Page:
Gabby Carlson’s piece at the Taylor University student newspaper, The Echo, quotes both Taylor Provost Michael Hammond (a historian who studies evangelicalism and the Civil Rights movement) and Alan Blanchard, associate professor of journalism. Hammond said:
Commencement is a special day for Taylor University…Above all else, we want to honor our graduates with their diploma and towel. There is always something to be gained from listening, even when we do not expect to find agreement with the speaker. This is an opportunity for our community to hear one another, working through our opinions and differences together.
And here is Blanchard, referencing what he said at the faculty meeting in support of the Pence invitation:
I suggested a benefit exists from listening to people speak on our campus with diverse views. Even if we do not see eye to eye, and even if the person speaking is the vice president of the United States…It’s a hallmark of our country to foster the idea and the ideal of free speech. I think our faculty meetings generally are a testimony to our ability to speak freely, agree or disagree on issues, but at the end of day show respect and love for one another.
I am fully on board with campuses inviting all kinds of people, of all kinds of political persuasions, to speak. (I visited Taylor University on the Believe Me book tour last Fall and the students and faculty welcomed me and gave me and my message a warm reception). But there does seem to be something different about a commencement address, especially at a Christian college. The choice of a commencement speaker at a small Christian college like Taylor University reflects the beliefs and ideals that animate life at such a college. Commencement speakers send a message–to graduating seniors, to alumni, to parents, to donors, and to the larger community–about what a school values. A commencement address should not be a venue for displaying a school’s commitment to a “free marketplace of ideas,” nor is it a place where a school shows its commitment to ideological diversity by hosting speakers with controversial political and social views. Taylor University had the entire 2018-2019 academic year to show its commitment to diverse viewpoints on campus. Commencement is a time to celebrate a Christian college’s Christian mission. Does Mike Pence, the chief water-carrier for Donald Trump, represent Taylor University’s mission?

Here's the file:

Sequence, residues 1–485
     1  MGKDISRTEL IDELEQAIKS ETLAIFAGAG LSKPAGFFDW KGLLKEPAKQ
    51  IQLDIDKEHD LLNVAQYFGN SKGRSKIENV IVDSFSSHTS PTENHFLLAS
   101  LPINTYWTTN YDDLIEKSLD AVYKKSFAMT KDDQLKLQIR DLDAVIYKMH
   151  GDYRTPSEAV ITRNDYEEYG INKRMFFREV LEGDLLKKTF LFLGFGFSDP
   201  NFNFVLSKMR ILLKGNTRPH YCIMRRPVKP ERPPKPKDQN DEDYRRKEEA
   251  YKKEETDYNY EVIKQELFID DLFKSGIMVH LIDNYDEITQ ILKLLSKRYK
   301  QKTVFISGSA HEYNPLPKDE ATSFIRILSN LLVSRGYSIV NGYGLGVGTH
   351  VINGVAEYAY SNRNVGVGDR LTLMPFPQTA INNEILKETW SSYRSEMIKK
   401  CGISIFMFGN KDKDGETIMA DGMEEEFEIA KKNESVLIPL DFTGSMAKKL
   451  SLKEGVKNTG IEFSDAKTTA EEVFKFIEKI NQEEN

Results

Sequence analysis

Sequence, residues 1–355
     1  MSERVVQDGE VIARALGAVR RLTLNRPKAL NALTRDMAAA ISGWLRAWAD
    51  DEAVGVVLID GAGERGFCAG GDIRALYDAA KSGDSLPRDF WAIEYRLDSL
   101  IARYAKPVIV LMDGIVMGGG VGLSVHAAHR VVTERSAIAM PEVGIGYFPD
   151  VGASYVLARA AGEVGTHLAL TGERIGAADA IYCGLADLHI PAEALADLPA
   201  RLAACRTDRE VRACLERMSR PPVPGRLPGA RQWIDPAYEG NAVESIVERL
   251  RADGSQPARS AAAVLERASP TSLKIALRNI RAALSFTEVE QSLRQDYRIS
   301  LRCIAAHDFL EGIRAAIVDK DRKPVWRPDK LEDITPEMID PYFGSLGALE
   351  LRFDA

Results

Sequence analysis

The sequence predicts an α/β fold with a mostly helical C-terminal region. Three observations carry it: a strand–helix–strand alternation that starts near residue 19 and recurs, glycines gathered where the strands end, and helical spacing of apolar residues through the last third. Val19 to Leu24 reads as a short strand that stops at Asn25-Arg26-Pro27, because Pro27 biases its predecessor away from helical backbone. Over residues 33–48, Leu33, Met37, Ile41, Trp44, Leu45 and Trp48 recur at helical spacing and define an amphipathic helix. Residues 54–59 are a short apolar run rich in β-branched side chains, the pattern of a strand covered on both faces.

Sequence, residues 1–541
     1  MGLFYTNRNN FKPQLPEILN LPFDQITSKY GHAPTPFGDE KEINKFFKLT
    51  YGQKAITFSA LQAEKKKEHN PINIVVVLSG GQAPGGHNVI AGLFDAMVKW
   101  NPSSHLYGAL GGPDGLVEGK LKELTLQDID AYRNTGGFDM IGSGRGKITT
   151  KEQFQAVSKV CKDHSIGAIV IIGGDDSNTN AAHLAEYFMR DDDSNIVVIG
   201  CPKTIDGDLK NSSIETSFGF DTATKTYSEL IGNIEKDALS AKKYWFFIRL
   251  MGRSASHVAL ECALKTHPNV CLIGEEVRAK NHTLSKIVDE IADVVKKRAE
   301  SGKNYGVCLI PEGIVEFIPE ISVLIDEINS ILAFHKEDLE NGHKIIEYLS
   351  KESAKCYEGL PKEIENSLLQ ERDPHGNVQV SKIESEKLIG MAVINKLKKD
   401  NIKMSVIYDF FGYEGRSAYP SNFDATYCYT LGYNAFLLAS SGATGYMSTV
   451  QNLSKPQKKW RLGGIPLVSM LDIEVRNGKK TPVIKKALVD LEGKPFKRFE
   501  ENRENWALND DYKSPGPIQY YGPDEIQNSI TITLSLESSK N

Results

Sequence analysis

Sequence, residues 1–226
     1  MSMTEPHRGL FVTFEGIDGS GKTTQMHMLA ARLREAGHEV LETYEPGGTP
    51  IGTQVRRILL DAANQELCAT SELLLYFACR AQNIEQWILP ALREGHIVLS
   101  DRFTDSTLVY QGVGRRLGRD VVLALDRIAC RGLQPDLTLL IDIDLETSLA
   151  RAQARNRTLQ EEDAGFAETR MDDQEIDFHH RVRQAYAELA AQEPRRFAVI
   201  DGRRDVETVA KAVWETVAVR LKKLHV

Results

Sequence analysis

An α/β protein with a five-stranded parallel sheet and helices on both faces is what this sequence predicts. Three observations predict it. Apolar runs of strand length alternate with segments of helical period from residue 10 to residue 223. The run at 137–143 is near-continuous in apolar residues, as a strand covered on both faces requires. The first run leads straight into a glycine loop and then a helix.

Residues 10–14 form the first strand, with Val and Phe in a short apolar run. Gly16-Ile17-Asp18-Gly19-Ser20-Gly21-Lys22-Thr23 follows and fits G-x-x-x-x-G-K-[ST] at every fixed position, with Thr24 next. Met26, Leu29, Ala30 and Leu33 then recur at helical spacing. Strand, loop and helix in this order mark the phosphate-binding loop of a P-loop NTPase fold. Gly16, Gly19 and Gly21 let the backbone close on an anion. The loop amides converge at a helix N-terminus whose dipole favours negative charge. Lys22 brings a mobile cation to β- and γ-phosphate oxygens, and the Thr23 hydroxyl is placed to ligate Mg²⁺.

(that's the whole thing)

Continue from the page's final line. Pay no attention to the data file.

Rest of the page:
I find it ironic that president Lowell Haines, who decried “discord” back in March 2018, has decided to invite Pence. Haines is fully aware that many in the evangelical community, most of his own faculty, and many of his students, see Pence as a morally problematic figure. He had to know that the invitation would provoke a firestorm on campus. Yet he invited him anyway. Indeed, as Provost Michael Hammond noted above, “commencement is a special day” for Taylor graduates and the larger community. Then why invite Pence? If Pence does end up speaking, Haines and his staff, who I assume care about the campus climate, will be forced to spend the next several years trying to heal a self-inflicted wound.